App design trends come and go – some of them fickle, some here for the long haul. There are no temporary diversions in the five app design trends we've picked out here though. These have all earned their place and will change app design throughout 2015.
Design trends can be driven by all kinds of things. We noticed big changes in hardware last year that will transform UI design in 2015. Others trends are influenced by the growing popularity of mobile apps. They're everywhere now, with 88% of young adults owning a smartphone according to data from Ofcom (opens in new tab).
Still other trends are shaped by wider culture, changes in branding and the very personal nature of mobile devices.
We crunched all the data and collected together five of the biggest app design trends for 2015. Jump on the bandwagon now, before the snow melts.
01. Larger screens
Call them big phones or phablets, screens are getting larger and their popularity is projected to grow in 2015. Market intelligence researcher IDC thinks sales of phones with screens taller than 5 inches will boom by 209%.
Adobe's Mobile Benchmark Report (opens in new tab) confirms the trend's already upon us. More people are using mobile apps than ever, but browsing on screens smaller than 4 inches was down by 11 per cent last year.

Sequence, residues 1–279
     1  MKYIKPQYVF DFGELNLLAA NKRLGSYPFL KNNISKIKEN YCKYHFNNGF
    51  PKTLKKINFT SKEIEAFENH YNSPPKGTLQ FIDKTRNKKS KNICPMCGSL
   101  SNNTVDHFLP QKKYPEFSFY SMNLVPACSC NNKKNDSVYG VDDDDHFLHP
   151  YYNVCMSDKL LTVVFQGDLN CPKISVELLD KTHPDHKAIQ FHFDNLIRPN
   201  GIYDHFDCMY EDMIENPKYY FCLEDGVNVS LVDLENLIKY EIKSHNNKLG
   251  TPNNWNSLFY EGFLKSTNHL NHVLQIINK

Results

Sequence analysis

- What will this mean for app designers? One thing that will change is the way we hold our devices. Research conducted by Steven Hoober (opens in new tab) in 2013 showed that the majority of users operated their smartphones with a single thumb, holding them in the bottom right corner – but that research applied to devices a maximum of 4.3" tall.
It's likely we'll see an increase in what Hoober's study calls "cradling". This is holding the device in one hand while operating it with the other – the way we might use a tablet. Could we be looking at a more universal approach to UX design across smartphone and tablet? It's starting to seem so.
02. Depth and weight
The last couple of years have been all about minimalism and flat design. That'll continue in 2015, but subtle forms of skeuomorphism are finding their way back. The objects on screen may look flat, but there are ways to give them physical presence. Emulating gravity transforms UI components from flat symbols into things. Depth can be added using transparency and layers.
These skeuomorphic cues expand the real estate of app displays and help users orient themselves within contextual locations.
The results can already be seen in bold design decisions made in iOS 8, Android and even Windows Mobile and, increasingly, in apps newly designed for these platforms. The clearest expression of the philosophy is Google's treatise on Material Design (opens in new tab) - announced in July 2014.
Though Google apps look flat and conform to a strict grid, the components within have their own depth and presence, behaving like movable objects rather than partitioned items on a screen.
03. Hidden menus
While some trends are growing rapidly in response to new hardware, others have had longer to ferment. This one has developed slowly in resistance to the established rules of interface design.
Screens may be getting larger, but mobile apps offer less working space than their desktop and laptop equivalents. One solution is hide functionality until it's needed.
Navigation drawers that slide in when required, then retract when they're not are at the top level of this trend. We see menus pared down to contextual subsets – just the tools that you need for a specific task in a given situation.